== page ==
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governments of France and Eng. provisional state of a regency, and land the decree of the 24th Feb- io close the revolution by a definiruary, which nominated me re- tive government, had sent to our gent of Belgium, and credential agent in London instructions to letters were delivered to Belgic sound the dispositions of his royal agents at these two courts with bighness the prince of Saxe Cothe title and rank of ministers plen- burg, but obstacles of mere etiipotentiary.

queite paralyzed the intended efThe French government ad- fects. mitted, without hesitation, our In the interval other men were minister, who took rank along called to the ministry, and the with foreign diplomatic agents new ministers followed the indiaccredited to the courts of the rect proceedings of their predePalais Royal. His majesty, Louis cessors. What passed on that Philip, did me the honor of ad- subject is known to you. You dressing to me by his autograph know, gentlemen, how the hapletter of the 19th of March last, py termination has been brought congratulations on my accession about, at which we are this day to the regency, and expressed to present. me at the same time, and in for- I shall not, gentlemen, detain mal terms, the lively and invari- you with any observations on the able interest which he takes in acts of my regency. I shall conBelgium.

fine myself to saying, that the It was by this first act that effervescence of the passions inLouis Philip began 10 realize the cidental to our revolutionary state, promises which he had made me the stagnation of commercial buin February last, when I had the siness, anxiety about the future honor of taking leave of him. fortunes of our country, have

He then said, on taking me by brought about events and caused the hand, Tell the Belgic nation embarrassments which have prethat I give them my hand in the vented the government from ocperson of the president of the cupying itself as efficaciously as congress, and that the Belgians would have been desirable, with may always reckon on my friend- the institutions which are destined ship.'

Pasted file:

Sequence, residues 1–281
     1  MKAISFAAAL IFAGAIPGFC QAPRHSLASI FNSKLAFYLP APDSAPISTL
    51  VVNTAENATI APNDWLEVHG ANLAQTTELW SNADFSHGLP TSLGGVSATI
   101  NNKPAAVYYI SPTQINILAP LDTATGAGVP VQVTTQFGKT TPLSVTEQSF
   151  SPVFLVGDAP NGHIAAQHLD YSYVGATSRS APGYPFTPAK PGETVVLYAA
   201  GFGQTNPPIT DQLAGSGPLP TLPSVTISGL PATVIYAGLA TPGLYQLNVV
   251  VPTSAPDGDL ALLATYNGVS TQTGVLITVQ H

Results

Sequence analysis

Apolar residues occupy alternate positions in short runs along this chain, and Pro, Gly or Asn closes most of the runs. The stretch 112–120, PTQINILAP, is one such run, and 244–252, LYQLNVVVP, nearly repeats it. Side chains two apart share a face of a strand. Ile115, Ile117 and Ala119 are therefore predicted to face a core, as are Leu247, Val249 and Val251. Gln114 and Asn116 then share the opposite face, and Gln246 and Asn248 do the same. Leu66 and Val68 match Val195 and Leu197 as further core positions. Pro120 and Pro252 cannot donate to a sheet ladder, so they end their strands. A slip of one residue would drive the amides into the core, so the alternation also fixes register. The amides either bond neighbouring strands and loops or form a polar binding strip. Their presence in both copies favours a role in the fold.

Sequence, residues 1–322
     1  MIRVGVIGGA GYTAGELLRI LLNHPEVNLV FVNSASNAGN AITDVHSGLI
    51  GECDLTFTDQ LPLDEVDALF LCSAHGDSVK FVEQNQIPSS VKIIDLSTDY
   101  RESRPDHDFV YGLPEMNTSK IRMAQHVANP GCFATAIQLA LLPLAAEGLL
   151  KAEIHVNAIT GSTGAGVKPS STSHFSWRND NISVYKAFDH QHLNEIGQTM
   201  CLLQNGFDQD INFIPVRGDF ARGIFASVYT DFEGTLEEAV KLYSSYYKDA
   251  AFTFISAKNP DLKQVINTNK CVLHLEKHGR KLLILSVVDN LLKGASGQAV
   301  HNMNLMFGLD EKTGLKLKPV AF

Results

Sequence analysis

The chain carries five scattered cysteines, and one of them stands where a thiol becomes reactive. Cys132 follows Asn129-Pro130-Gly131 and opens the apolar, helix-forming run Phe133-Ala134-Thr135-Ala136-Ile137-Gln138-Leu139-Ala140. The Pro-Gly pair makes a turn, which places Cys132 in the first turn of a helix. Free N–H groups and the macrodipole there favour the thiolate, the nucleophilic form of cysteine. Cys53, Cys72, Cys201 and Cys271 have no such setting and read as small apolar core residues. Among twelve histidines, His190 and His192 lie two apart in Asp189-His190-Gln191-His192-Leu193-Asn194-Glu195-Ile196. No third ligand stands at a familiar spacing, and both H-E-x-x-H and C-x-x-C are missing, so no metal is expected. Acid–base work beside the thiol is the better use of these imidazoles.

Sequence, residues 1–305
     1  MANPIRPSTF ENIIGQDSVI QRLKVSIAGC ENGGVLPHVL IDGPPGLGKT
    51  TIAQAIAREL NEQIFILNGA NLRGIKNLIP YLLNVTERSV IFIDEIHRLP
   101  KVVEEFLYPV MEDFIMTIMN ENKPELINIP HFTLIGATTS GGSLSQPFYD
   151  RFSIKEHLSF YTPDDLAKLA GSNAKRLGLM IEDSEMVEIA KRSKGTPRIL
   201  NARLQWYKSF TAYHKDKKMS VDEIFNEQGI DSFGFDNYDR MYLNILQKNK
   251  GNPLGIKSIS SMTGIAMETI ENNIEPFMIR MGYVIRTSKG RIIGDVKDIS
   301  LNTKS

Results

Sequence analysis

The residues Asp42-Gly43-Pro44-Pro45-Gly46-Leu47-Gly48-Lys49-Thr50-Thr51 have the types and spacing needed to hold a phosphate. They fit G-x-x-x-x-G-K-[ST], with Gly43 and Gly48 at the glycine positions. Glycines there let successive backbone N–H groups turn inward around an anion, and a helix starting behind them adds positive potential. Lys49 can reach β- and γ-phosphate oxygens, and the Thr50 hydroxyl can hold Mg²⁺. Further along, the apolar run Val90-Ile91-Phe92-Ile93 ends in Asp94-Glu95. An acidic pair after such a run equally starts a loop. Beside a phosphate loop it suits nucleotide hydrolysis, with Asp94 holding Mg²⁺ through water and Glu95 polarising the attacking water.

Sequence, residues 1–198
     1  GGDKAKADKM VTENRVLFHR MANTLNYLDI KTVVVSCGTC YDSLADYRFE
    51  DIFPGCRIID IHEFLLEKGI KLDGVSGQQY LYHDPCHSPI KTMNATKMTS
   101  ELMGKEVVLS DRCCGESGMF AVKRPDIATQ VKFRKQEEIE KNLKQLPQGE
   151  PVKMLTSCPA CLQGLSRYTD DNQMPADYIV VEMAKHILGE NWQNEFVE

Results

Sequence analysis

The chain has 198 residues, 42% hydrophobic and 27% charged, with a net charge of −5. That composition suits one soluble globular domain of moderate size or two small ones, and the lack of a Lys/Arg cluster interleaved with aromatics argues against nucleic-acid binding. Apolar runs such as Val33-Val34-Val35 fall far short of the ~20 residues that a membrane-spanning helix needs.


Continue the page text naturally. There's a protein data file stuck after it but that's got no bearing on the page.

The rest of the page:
to complete the work of our poWe were not so fortunate with litical regeneration. the cabinet of St James's. -Our In the state of threatened hosminister was not received with tilities with our neighbors, the anything but civility. (officious- government was under the necesment) by the English ministry; sity of devoting its chief attention and the national honor not permit- to the army. The infantry has ting me to leave him longer in an been considerably increased and equivocal situation, I ordered him organized, the formation of the to be recalled.

cavalry has been completed, the The ministry, in the mean artillery has been put on a restime, wishing to put an end to pectable footing, the service of the unsatisfactory result of the the commissariat, of the hospitals, and of transports, has been se- the wisdom of our deliberations, cured ; and, finally, by the side that I have found the most powof the regular army another army erful support. Permit me, thereis formed in the ranks of the civic fore, gentlemen, to address to guard, equally impatient 10 meas- you the expression of my lively ure its strength with the enemy. and sincere gratitude.

The concert of all the citizens, But, gentlemen, let us declare who, forgetting the spirit of par- that our task has been rendered ty, are going to range themselves very easy, by the excel ent qualround the throne, will not con- ities of the Belgic people — a tribute less than the courage and people as submissive to the laws, excellent spirit of our army, to

as docile to the voice of the support negotiations, to obtain an chiefs who deserve its confidence, honorable peace, to consolidate as it has shown itself jealous of our independence, and, if need its rights and impatient of the be, to defend the integrity of our yoke of arbitrary power of territory.

that people so courageous in batOur finances are in as prosper- tle, so firm in its resolutions - of ous a state as circumstances that people essentially moral, of would permit, and the levy of whom history will say, that durthe taxes is effected as easily as ing eleven months of revolution, in profound peace.